JULY 23 — When I read about Penang state's intention to build a 20 KM long highway called the Pan Island Link 1 (PIL1) from the north to the south of the island, I was flabbergasted that the state would want to invest billions of ringgit into building a highway which would not only be a temporary fix to our traffic woes but also one which would carry disproportionately large environmental and social consequences for our island.
Firstly, this proposed highway would cut through two important urban green spaces on the island, the Penang City Park (Youth Park) and the Sungai Ara Linear Park. Both these parks were created with the intention of giving people in Penang access to quality recreational and community space as well as an accessible area to get away from the pollution of city. Today, thousands of people including myself utilise these spaces, in the mornings and evenings for a wide range of activities.
The World Health Organization (WHO) stresses the importance of spaces like these in reducing chronic stress, improving mental health and cognitive functions. With the highway cutting through both parks, it would not only restrict access to the parks during the construction but also result in a permanent visual and environmental damage.
While YAB CM Chow has addressed concerns in minimizing the visual impact of the highway on these the Youth Park, what about the air pollution from vehicles that would be plying the 6 lane bridge above the park, as proposed in the PIL1 plan? Are the studies convincing enough to prove that there will not be any detrimental effect from these roads to the public's health? The last thing we Penangites would want is to be breathing in noxious air while jogging in the Youth Park!
The construction of this highway also is based on the assumption that cars and other modes of private transportation on the island will keep increasing in the near future because of a poor public transportation system. In an age where climate change is the single biggest challenge we face, and with transportation being a large contributor of Greenhouse Gas Emissions (GHG), the State Government should seek to implement climate smart solutions to tackle our traffic problems.
These include revamping our public transportation system and creating a more connected and safe net of pedestrian and cycling networks. The state should stop feeding this car culture by building more highways and roads, as more roads will only encourage more cars. The nature of the PIL1 which is more than 50% a tunnel makes it more car-friendly rather than public transport friendly. This is because it would make no sense to have any bus stops along the underground tunnel part of the route, making only bus stops viable in less than 50 per cent of the entire route.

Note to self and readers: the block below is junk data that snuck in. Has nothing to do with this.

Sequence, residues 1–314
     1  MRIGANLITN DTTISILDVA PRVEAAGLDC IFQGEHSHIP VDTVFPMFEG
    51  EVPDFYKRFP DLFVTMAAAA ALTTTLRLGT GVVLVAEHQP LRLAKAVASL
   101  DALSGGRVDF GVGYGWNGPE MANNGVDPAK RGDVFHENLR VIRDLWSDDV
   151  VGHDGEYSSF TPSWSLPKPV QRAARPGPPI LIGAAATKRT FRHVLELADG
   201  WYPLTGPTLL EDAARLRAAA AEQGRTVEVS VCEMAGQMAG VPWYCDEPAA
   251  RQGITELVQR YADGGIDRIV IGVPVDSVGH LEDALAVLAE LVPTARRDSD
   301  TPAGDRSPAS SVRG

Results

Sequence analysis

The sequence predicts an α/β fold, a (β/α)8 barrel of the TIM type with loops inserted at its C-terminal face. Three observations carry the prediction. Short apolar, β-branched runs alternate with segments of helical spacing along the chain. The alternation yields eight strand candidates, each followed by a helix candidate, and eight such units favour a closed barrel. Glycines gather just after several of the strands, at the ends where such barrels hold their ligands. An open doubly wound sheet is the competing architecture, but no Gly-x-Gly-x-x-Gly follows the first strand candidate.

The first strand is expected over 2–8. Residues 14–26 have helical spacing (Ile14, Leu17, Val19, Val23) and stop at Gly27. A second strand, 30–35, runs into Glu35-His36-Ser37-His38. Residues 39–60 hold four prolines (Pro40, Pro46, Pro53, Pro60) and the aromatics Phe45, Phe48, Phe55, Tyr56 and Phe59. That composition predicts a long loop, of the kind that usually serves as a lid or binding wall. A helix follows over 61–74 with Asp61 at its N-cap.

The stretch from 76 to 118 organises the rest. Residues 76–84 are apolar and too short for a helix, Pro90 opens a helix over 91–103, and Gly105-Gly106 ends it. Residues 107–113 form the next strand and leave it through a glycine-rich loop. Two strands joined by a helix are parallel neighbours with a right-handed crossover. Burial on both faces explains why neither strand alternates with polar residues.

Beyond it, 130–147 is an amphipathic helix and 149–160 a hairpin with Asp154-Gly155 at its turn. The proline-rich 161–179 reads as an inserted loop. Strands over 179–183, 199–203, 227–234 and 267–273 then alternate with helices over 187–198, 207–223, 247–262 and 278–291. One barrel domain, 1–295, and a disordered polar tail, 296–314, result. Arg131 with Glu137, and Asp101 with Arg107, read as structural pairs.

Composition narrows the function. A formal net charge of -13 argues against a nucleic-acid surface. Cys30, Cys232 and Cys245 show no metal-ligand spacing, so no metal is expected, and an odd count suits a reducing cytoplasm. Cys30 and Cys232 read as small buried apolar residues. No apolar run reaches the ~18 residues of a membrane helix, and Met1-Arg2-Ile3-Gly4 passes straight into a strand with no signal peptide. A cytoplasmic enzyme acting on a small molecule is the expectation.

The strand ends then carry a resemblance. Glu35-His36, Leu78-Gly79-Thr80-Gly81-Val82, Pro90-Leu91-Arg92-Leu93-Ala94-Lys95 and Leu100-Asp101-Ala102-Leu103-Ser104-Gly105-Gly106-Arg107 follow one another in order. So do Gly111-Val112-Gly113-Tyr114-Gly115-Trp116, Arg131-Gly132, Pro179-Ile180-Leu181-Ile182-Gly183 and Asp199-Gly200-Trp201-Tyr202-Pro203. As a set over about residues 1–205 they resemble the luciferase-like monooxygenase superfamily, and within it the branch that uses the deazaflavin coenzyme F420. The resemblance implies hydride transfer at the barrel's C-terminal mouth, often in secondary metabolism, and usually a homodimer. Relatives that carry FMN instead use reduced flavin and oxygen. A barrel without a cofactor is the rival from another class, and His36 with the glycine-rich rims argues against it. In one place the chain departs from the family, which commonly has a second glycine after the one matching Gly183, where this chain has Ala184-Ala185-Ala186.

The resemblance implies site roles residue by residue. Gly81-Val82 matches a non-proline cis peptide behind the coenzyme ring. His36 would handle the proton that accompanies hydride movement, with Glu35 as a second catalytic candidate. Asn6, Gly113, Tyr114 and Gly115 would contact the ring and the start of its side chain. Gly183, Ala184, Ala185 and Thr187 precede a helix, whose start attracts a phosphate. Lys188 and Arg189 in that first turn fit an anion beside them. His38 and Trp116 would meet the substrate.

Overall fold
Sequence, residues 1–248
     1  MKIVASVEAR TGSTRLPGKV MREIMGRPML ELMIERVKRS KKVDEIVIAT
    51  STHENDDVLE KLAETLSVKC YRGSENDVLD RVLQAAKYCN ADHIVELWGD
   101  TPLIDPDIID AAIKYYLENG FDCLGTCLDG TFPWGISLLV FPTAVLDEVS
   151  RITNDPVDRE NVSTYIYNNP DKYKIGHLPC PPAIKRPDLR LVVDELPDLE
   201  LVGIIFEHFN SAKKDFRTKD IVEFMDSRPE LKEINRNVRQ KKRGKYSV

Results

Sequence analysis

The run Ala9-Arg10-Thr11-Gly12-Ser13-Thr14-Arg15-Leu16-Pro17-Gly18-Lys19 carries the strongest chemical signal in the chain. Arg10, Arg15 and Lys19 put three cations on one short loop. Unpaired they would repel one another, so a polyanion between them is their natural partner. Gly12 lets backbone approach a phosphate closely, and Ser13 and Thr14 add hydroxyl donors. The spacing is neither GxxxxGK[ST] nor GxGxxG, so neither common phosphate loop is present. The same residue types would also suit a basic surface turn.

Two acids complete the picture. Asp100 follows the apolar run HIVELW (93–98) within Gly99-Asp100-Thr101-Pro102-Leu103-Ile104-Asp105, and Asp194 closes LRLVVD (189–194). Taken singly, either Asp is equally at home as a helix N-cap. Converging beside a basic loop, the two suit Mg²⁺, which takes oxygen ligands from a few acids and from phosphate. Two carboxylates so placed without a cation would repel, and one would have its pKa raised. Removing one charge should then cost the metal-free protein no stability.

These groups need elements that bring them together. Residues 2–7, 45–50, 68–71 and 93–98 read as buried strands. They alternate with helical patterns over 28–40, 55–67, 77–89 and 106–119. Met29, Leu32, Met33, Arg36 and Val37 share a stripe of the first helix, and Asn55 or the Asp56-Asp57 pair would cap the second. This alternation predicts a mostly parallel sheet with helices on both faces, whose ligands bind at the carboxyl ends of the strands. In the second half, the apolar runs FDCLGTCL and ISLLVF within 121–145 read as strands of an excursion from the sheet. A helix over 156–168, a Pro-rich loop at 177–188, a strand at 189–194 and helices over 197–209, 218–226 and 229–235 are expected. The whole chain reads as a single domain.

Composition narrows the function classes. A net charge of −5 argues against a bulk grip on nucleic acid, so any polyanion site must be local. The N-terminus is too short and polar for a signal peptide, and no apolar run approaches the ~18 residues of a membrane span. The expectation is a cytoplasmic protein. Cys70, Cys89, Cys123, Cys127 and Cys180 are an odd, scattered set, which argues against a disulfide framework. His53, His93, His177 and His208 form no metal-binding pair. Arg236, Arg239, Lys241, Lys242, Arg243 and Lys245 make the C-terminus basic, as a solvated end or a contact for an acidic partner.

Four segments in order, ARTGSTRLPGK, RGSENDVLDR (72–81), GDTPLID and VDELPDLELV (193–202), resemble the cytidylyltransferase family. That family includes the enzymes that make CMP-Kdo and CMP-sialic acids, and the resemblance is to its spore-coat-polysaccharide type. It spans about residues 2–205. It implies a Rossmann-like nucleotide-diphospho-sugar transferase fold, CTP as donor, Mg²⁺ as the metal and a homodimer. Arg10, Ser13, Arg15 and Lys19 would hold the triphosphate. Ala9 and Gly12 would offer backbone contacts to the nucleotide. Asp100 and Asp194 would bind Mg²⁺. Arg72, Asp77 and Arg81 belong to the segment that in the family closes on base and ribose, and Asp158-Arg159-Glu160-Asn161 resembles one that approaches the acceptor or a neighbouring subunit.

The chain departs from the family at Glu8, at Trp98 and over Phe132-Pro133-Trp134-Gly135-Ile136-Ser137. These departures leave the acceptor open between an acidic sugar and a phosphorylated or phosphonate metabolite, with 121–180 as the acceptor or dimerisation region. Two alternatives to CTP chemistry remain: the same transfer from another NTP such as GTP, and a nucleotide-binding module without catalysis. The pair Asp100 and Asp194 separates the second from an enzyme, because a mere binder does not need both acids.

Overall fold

What Penang should do is to emulate other cities which have already started investing in more sustainable modes of urban mobility. While we keep wanting to build more roads and highways, other cities like New Orleans and Amsterdam are transforming their infrastructure to reduce car dependence and encourage active transportation. These cities are incentivising public transit ridership, making public transportation applications available and investing in improving connections between different transport modes, making it more convenient for the general public to use public transportation. Not only are there cost saving, but they also have a proven track record of effectively reducing traffic woes in these cities as well as reducing green house gas emissions. Penang should be leading the way in looking for innovative solutions to our transport needs and not fall back to a never ending cycle of building more highways which would only encourage more cars.
* This is the personal opinion of the writer or publication and does not necessarily represent the views of Malay Mail.